Haunting photos from Fukushima, one year later: "Invisible You," by Satoru Niwa

Japanese photographer Satoru Niwa, whose work I blogged in a previous Boing Boing post, has a new series from Fukushima marking the one-year anniversary of the March 11 disaster: Invisible You. Again, beautiful, evocative work. Above: a shot from the town of Namie, which is some 40 miles from the Fukushima Daiichi nuclear plant. View the full gallery here (warning: Flash).


  1. It find it weird that we’ve had a year of attention focused on the Fukushima disaster, which has killed no one and *might* eventually kill 100s, but no one seems interested in the repercussions of the earthquake and tsunami that killed 15 000 + and wiped out urban landscapes.

    1. It’s not only weird but also deeply disturbing and depressing, because it demonstrates how much irrational fear of nuclear energy people feel. It almost seems plausible that if forced to make a choice between either letting civilization die or relying on nuclear power, most people would simply choose to give up and let their children starve in the cold and dark.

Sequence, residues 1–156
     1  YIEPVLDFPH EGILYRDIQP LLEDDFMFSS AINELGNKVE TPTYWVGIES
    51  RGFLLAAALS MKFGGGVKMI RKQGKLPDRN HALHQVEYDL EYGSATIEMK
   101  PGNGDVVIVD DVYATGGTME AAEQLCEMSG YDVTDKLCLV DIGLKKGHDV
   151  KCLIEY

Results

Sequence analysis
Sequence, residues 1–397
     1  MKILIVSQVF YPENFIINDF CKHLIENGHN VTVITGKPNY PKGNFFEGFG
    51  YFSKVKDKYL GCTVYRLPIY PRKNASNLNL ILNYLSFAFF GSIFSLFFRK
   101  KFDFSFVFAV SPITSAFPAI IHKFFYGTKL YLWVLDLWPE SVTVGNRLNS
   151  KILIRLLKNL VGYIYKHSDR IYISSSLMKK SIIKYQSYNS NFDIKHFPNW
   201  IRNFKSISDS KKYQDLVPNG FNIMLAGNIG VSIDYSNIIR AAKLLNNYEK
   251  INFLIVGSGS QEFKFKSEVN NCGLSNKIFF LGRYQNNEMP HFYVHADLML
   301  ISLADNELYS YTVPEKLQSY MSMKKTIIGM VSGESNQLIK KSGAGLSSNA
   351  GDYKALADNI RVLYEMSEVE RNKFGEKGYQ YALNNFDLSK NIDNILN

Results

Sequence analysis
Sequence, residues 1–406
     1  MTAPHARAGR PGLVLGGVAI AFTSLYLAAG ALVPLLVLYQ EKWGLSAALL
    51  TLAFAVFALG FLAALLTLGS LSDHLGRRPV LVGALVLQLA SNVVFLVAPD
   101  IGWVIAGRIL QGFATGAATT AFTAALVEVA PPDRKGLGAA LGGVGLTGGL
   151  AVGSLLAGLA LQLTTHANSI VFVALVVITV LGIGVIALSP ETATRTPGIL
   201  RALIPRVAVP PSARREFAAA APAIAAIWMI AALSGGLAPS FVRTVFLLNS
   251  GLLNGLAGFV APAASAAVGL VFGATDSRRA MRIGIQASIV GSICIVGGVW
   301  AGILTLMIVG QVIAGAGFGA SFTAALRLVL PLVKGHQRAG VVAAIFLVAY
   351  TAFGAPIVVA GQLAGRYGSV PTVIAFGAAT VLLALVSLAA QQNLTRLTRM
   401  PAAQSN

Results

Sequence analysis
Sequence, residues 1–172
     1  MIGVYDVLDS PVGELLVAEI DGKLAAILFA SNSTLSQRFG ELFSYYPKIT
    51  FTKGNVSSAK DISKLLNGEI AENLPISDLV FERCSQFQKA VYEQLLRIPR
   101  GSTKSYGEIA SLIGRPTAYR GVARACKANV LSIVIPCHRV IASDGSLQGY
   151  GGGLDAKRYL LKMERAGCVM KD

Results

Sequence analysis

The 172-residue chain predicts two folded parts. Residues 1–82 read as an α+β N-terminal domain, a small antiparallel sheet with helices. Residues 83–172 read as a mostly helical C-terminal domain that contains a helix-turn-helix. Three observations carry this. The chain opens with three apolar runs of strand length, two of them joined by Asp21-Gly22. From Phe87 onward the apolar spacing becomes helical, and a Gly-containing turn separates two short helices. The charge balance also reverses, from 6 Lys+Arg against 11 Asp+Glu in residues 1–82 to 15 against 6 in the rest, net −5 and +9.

2.  There are cranks trying to claim that hundreds have died of radiation already and that it’s being kept secret. Sadly the anti nuke crowd is going to blame every cancer and aberration on Fukushima for generations as if radiation is the only thing that causes those. If only all the heavy metals, fossil fuels and industrial chemicals released into the environment by the wave wiping out full towns was being sampled and monitored to the same degree.

    3. Seriously. If the anti-nuclear crowd held coal, oil, and gas to anywhere near the same standard they hold nuclear power, the world would be a very, very different place.

      Remember, BANANAs: risks are relative and quantifiable. By focusing on nuclear exclusively, you encourage the release of heavy metals, sludge, mining waste, ash, and, yes, uranium and thorium from the burning of coal (which are not captured and sequestered the way a nuclear plant’s wastes are). Ditto for those who object to wind based on the belief that the danger to birds is unacceptably high, and that solar destroys desert ecosystems. There is no zero risk option, because not consuming energy means people are going to suffer from the loss of the things we use energy for.

      A little less hysteria, a little more long-term planning, please.

  2. Why is it scary? Looks like a bunch of moody photos of random junkyards and subway stations, many of which have people in them. Reminds me of that picture of the playground swings and doll’s head  somebody posed in Chernyobel years ago and have been photographing ever since.

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